If you managed to tune in to Travel DAZE 2021 last week, you would have caught a brilliant session about tourism’s role in reconciliation.
The conversation kicked off with Intrepid Group CEO James Thornton sharing a bit about the company’s journey implementing a reconciliation action plan (RAP), having recently reached the halfway mark.
Intrepid just released a one-year progress report for its RAP, which Thornton said “transparently talks about what we’ve achieved over the course of the last year, but it also talks very openly and transparently about what we haven’t achieved as well, and I think that’s really important to acknowledge that”.
“One of the things I’m most proud of is that, despite all of the challenges of the past year for the travel industry, Intrepid has still made a conscious commitment to grow the number of First Nations experiences on our trips,” he told Travel DAZE attendees.
“In fact, we’ve increased the number from 12 to 40 in one year, which is pretty incredible.”
Joining Thornton as part of the reconciliation session at Travel DAZE was Patricia Adjei, who is the head of First Nations arts and culture at the Australia Council for the Arts.
Adjei has been helping Intrepid action its RAP – a two-year commitment – and had some valuable advice for other travel companies looking to start their own reconciliation journey.
“There’s a lot of ways that different companies can step into this reconciliation action plan space,” she said.
“Firstly, talking with an organisation called Reconciliation Australia, who provide the templates and the frameworks you might need to start your RAP journey, and also looking on their website at other organisations and companies and government departments that have RAPs like Intrepid Travel.
“Tourism Australia launched their RAP a couple of months ago, and Voyages [Indigenous Tourism Australia] as well in Central Australia have also got a RAP as well. So, looking at the different examples that are out there and talking to Reconciliation Australia is a really great way to start that RAP journey.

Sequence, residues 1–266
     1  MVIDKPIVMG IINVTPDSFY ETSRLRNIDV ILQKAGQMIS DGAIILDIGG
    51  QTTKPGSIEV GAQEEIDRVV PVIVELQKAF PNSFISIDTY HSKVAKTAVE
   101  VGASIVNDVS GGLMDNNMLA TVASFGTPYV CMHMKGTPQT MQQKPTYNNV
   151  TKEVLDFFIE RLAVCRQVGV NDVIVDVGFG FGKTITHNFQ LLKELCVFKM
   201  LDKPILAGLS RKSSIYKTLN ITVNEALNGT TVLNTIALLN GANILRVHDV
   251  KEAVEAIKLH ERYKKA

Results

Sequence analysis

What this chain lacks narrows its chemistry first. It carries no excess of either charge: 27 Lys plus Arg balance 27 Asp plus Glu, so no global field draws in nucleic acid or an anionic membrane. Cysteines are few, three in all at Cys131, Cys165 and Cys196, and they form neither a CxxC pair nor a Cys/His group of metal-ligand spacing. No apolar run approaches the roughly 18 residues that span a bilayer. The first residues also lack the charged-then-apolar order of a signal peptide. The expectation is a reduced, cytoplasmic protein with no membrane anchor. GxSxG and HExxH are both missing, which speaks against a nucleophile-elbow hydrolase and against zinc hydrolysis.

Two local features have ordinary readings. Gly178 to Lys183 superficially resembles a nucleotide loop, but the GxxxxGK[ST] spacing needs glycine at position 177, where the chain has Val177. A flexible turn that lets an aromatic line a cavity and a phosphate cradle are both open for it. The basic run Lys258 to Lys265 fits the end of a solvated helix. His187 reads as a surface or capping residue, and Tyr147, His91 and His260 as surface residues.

“I think also talking with the new head of Indigenous affairs at Tourism Australia, Phil Lockyer. He’s worked at a number of different corporate entities that have RAPs like Commonwealth Bank, so he’s really an expert at reconciliation action plans as well.”
Furthermore, Thornton encouraged individuals to do “as much reading as you possibly can”.
“Start to read more literature and start to try and educate yourself more,” he said.
“I know when I started delivering the Acknowledgement of Country at company updates, I would often worry about potentially getting it wrong or saying the wrong thing, but it’s funny having now done it for the last 12 months or so as a company. It’s become really ingrained in what we do, and really ingrained throughout the organisation of what we do.
“We’ve actually been encouraging the monthly formal business meetings that we have for the acknowledgement to be done by different members of our team, so they also get experience in doing it, too. It’s been a really powerful thing for us.”
You can watch Thornton and Adjei’s Travel DAZE session in full, on demand HERE.
Featured image source: iStock/kerriekerr